Eric T. Peterson: A personal question: what do you really like to do in the web analytics field? Put another way, given all your talents, which excites you the most?
June Dershewitz: I like to help businesses make the best use of web measurement data. I enjoy making improvements to what gets collected and how it gets interpreted and used within the company.
Eric T. Peterson: Can you share, without naming the company, some of the successes you’ve been or been a part of?
June Dershewitz: At one company, I was able to build out their existing web analytics system into something that’s now a useful and trustworthy source of information for a large audience. I felt like it was a big achievement to spread the word and help people see the business value in web activity data.
Eric T. Peterson: Excellent! No simple feat to drive widespread adoption of web analytics through a company.
New line of questions: What do you look for most in a job posting on the Internet (other than contract work and your local geography)?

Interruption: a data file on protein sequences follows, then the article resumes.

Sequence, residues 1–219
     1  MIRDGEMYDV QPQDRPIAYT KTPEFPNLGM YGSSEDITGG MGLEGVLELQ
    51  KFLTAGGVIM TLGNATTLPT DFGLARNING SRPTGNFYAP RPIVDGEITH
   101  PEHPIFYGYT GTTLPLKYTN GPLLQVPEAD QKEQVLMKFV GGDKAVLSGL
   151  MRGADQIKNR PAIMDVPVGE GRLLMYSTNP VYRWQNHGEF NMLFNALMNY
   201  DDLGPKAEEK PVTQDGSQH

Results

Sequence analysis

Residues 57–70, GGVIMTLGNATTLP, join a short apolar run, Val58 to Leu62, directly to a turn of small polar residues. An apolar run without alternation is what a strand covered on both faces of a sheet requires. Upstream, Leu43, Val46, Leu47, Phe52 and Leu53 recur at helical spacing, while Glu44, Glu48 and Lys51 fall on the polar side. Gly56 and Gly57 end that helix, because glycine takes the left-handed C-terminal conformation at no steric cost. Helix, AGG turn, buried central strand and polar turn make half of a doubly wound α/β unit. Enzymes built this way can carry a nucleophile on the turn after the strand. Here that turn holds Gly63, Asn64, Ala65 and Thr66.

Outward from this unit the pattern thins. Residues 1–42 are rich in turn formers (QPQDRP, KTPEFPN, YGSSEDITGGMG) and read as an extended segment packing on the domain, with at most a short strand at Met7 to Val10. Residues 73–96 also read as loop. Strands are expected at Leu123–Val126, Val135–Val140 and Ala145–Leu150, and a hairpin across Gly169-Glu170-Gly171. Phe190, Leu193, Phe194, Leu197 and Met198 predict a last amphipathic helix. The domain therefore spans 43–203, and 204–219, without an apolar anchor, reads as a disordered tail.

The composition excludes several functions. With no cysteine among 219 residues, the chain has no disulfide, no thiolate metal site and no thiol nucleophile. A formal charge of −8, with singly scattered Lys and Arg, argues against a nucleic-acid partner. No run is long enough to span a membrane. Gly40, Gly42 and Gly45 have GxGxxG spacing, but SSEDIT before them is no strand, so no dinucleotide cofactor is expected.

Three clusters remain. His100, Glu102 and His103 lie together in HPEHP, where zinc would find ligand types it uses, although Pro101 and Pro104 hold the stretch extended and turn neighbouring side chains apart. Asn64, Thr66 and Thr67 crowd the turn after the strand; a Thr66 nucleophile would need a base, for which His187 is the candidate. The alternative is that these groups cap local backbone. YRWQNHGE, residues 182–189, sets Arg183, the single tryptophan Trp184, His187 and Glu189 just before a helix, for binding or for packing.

June Dershewitz: As I scan a list of job postings, I look first at the job title and the company name. Job title usually gives me some clues about responsibilities and compensation. The company (and its industry) interest me as an analyst because I enjoy the prospect of a new and challenging set of data.
If I get that far I’ll read the whole job description and try to get a better sense of what the day-to-day work would actually involve, what tools they’re using (or hope to use), and if my skills match with what they’re looking for.
Eric T. Peterson: When you apply for a job, roughly what percentage of the time are you invited in for an interview? Given eight years of experience I’m thinking “often” but what would you say?
June Dershewitz: These days I post my resume on a couple of job boards and let interested parties contact me; I get a fair number of responses this way. I also monitor job postings and I’ll submit an application if I feel that I’ve found an especially good match. I’ve actually found four gigs in a row through postings where I’ve taken the initiative to apply.
Eric T. Peterson: Would you say it’s a “sellers” market for web analytics talent today? Perhaps more so than past years?
June Dershewitz: Definitely! As a job-seeker, it’s great to see so many open positions out there.